"... I seem to remember Potius Pilate having fairly similar opinions... "What is truth?" In addition to Pilate, you may wish to include some other folks, such these two: "I know that I know nothing" Socrates "Keep the company of those who seek the truth, and run from those who have found it." Vaclav Havel ------------ "... The Moral law remains in effect for Christians but the Ceremonial law is not... and the Civil law is not...." This is political spin, as applied to ancient scripture. Religious conservatives (and maybe others as well) will try to get around the harsh, umseemly nature of certain scriptural passages by offering to pick and choose for us which sections of sacred text must to be interpreted literally, and thus regarded as timeless law that everyone else must follow. Naturally, they will select those sections which appear to conform to their contemporary social viewpoints. The rest can therefore be conveniently shunted aside, when the ancient text goes a bit too far beyond the pale in its archaic expressions of social mores.

W. Vida

Fri, Oct 29, 2010 : 12:03 a.m.

Hi Edward, I think you are misunderstanding the role of the Old Testament Law in Christian life. Christians divide the Old Testament Law into three categories: 1. Moral Laws (the ten commandments, sexual codes, etc) 2. Ceremonial laws (how to be ceremonially clean in the Temple, how to be a priest etc) 3. Civil laws (how the Government of Israel should enforce the Moral and Civil laws, what sorts of punishments should be given etc). The Moral law remains in effect for Christians but the Ceremonial law is not (the Temple is no longer needed) and the Civil law is not (the Church is not the Government).


Thu, Oct 28, 2010 : 7:55 p.m.

@Max Peters -- "I need to be told what I need to do." Yup, much easier than actually THINKING. I am a member of FUMC -- A2. It's probably one of the only churches I ever could have joined, and still maintained my intellectual integrity. (Essentially, I'm an agnostic, but I nonetheless feel welcome at FUMC, and feel comfortable attending it.) As I've perceived it over the years, the United Methodist Church's stand, is, essentially - God gave you a brain. USE IT! @glimmertwin -- "I'm not all that familiar with this particular church in A2." Boy, you said it!! "for some churches, this is just a ditch-attempt to attract new members." Or -- perhaps -- a genuine attempt to have the church actually be something that practices what it preaches. (What a thought!) "Younger people and GLBT see through this in a heartbeat." Um -- see through WHAT? An attempt for the church to truly be sincere in its acceptance of the whole of humanity? Oh, No! What are we coming to?


Thu, Oct 28, 2010 : 7:47 p.m.

The Methodist church like other "liberal" protestant reformation branches ( Methodist--Presbyterian-Lutheran - Episcopalian) are losing members at alarming rates compared to Pentecostal and other fundamental religions which are growing dramatically. These churches are slowly commiting suicide. They wish to be all inclusive and grow their membership but with the new members they attract, they lose even more in current membership who wish to adhere to what the Bible says in scripture. But I know from being a member, these reformation churches simply bypass scripture, see ( Genesis 19:24)and will not, for example talk about what happened to Lot and the cities of Sodom and Gommorah. There is a lot more scripture besides this folks! Selective reading from the bible is what they are doing and most folks don't like that.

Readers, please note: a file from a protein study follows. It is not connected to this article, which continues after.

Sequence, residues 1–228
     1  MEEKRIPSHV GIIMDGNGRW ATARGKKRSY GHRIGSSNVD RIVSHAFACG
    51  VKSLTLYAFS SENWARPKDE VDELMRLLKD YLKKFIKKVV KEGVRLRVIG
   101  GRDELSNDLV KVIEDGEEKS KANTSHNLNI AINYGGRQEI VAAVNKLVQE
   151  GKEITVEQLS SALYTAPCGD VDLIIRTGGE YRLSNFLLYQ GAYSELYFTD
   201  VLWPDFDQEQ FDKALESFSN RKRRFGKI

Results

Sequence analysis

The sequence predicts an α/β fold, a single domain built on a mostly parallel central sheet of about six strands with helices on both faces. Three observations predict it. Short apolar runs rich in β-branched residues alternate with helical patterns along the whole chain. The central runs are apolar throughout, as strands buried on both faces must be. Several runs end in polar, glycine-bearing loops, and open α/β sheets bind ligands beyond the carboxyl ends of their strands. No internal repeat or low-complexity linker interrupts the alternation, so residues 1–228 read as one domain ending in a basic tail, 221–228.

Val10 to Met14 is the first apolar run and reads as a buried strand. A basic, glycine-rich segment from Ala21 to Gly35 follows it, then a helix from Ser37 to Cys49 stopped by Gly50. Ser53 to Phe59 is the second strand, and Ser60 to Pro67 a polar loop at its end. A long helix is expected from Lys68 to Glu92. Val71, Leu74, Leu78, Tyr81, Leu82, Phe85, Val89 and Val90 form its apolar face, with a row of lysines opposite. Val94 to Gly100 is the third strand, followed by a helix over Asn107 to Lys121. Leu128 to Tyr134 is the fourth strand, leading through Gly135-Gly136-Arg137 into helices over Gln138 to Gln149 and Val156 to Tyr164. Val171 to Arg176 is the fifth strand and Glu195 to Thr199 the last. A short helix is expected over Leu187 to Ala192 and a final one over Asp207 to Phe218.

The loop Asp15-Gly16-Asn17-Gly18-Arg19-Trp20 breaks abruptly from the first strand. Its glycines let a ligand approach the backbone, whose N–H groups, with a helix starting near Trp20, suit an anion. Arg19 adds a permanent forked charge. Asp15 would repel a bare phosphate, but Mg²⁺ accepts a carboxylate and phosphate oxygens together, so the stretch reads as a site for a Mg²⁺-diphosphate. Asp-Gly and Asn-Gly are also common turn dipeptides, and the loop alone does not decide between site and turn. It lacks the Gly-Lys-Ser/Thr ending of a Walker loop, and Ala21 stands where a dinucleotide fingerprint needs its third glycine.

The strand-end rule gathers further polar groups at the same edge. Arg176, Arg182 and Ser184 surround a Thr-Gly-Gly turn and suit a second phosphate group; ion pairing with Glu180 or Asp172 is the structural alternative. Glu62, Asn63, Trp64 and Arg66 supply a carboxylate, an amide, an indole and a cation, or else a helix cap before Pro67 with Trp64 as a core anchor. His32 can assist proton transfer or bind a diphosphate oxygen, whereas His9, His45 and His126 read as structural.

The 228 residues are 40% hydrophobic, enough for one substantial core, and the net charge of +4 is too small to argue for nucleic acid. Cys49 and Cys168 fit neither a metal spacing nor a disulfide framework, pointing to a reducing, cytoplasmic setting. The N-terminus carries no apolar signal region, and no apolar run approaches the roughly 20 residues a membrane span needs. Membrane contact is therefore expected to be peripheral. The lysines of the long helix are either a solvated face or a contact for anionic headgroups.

W. Vida

Thu, Oct 28, 2010 : 7:01 p.m.

One thing that I would have liked to see in this article is a voice from a clergy who does not agree with the changing of sexual ethics. Most Christian pastors affirm traditional/biblical sexual ethics. There is a non-hateful and intellectually satisfying argument that can be made from this position.

Black Coffee :)

Thu, Oct 28, 2010 : 4:58 p.m.

Max peters I could not agree more. Preaching the Truth not so much

Max Peters

Thu, Oct 28, 2010 : 3:32 p.m.

I seem to remember Potius Pilate having fairly similar opinions of truth - "What is truth?" (Jn 18:38)


Thu, Oct 28, 2010 : 2:02 p.m.

>> The trend toward 'welcoming churches' reflects a growing acceptance for LGBT persons within the larger community in which FUMC and other local religious organizations are active. Perhaps. I generally think it's because church's giving units, are dying off and younger potential members are turned off by closed mindedness - even if they may agree with the underlying concept. In general younger persons have opinions on this topic, it's just that they are more accepting of those unlike them than the older generation is. Churches are usually classified very distinctly: Old people, young people, black people, white people. The "Old people" churches cannot continue simply due to their membership is declining. I'm not all that familiar with this particular church in A2, but for some churches this is just a ditch-attempt to attract new members. Younger people and GLBT see through this in a heartbeat.